The need for revision of the Preventive Detention Act (see Bulletin No.15) was raised by Members of Parliament during the debate on the estimates of the Ministry of Justice during the budget session in July, 1982. The questioning of the operation of this law follows a Faculty of Law Symposium reported in the Bulletin. The Minister, The Hon. Julie C. Manning, MP, promised to investigate the possibility of reconsidering the law.
A recent broadcast in the BBC African Service and a similar report in the Guardian based on interviews with lawyers, government officials, diplomats and former detainees by Martha Honey claimed that, while Tanzania has had no political prisoners since about 1978, the detention law is being widely used against economic saboteurs and other criminals. Those suspected of crimes who cannot be prosecuted, either because of insufficient evidence, or the fear that they will bribe their way out of conviction, are detained for periods similar to the sentences they would have received if they had been convicted. The report also claims that this system, which aims to bypass corruption and inefficiency in the legal system, has produced its own rackets and that government officials, including ministers, have sometimes been demanding bribes in return for granting visits by families and obtaining the release of detainees. On occasions it is said that the President’s orders have been delayed or ignored by prison and police officers seeking bribes.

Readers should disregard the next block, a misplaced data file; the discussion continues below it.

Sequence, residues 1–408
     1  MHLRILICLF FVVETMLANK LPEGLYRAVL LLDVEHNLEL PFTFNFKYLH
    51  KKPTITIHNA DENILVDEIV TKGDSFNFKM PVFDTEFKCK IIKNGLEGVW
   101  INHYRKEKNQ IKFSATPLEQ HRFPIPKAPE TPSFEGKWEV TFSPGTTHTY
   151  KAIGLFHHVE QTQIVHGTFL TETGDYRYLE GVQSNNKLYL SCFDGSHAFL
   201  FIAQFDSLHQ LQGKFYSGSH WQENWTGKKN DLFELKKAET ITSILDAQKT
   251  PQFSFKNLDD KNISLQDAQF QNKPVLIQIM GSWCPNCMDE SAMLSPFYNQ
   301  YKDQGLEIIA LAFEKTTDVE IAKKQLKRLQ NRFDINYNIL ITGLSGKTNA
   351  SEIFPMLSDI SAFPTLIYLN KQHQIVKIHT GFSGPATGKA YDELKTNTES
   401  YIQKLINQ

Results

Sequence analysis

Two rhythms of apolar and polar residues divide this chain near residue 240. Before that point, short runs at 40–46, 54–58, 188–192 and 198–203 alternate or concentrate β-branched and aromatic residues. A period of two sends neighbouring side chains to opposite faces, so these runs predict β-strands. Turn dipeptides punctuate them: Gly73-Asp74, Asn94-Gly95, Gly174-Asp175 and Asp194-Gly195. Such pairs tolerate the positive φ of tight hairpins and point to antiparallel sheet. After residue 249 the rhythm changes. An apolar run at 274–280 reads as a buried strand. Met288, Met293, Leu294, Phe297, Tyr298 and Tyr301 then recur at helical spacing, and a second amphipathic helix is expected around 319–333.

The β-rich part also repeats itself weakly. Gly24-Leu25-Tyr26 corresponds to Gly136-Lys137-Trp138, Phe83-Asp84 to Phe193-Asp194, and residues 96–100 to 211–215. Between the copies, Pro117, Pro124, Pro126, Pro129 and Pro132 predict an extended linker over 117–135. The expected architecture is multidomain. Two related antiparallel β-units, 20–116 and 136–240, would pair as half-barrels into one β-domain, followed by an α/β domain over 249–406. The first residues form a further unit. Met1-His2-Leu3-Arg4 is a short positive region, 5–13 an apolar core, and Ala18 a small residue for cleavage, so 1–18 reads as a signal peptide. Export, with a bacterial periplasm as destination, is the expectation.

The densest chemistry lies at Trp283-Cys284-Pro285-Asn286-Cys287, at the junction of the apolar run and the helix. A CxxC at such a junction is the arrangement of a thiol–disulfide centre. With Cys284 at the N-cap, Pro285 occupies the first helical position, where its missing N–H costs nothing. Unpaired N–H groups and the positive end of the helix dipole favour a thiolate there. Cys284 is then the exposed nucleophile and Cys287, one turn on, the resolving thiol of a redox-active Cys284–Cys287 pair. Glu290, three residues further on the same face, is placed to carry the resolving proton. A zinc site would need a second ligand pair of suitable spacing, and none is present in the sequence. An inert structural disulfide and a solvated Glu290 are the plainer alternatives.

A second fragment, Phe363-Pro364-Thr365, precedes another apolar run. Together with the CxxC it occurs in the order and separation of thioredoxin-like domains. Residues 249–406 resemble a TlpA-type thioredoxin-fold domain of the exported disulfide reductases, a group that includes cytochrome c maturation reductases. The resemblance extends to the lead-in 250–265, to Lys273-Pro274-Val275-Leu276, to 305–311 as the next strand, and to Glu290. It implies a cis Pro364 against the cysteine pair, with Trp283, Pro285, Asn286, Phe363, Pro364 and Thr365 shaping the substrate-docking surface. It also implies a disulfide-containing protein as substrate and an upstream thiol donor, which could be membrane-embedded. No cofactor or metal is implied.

There are no official figures of the number of people detained, but recently released detainees have estimated that the figure is about 1,500. Prison conditions are over-crowded, but ex-detainees admit that cases of physical abuse are rare. In addition, there are thought to be several thousand habitual violent criminals detained under comparatively mild conditions in remote farming settlements.
Members of Parliament were concerned about the levels of the salaries of magistrates and judges, which were so low that many were leaving the judicial service. The shortage of magistrates is adding to the problems caused by the inefficient and at times corrupt administration of the lower courts. The Minister is pledged to fight bribery and has asked for the cooperation of all in reporting cases, promising to continue her policy of dismissing anyone known to have accepted a bribe.
Tanzania has now signed the Organisation of African Unity Convention on Human and People’s Rights, which prohibits arbitrary arrest and detention. Tanzania is the twelfth state to sign the convention. When a majority of the 26 members have signed, the OAU will be empowered to establish a commission to protect human rights in Africa.
(Sources: BBC African Service; Tanzanian Broadcasting Service; The Guardian for 18th. November, 1982; article by Anaclet Rwegayura in New Africa for November, 1982)